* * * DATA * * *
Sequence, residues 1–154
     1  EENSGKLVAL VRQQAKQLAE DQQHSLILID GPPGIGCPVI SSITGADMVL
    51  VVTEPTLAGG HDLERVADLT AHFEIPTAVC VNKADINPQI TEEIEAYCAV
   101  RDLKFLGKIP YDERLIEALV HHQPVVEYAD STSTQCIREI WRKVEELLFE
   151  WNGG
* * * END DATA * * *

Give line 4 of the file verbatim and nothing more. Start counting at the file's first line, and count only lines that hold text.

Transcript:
   101  RDLKFLGKIP YDERLIEALV HHQPVVEYAD STSTQCIREI WRKVEELLFE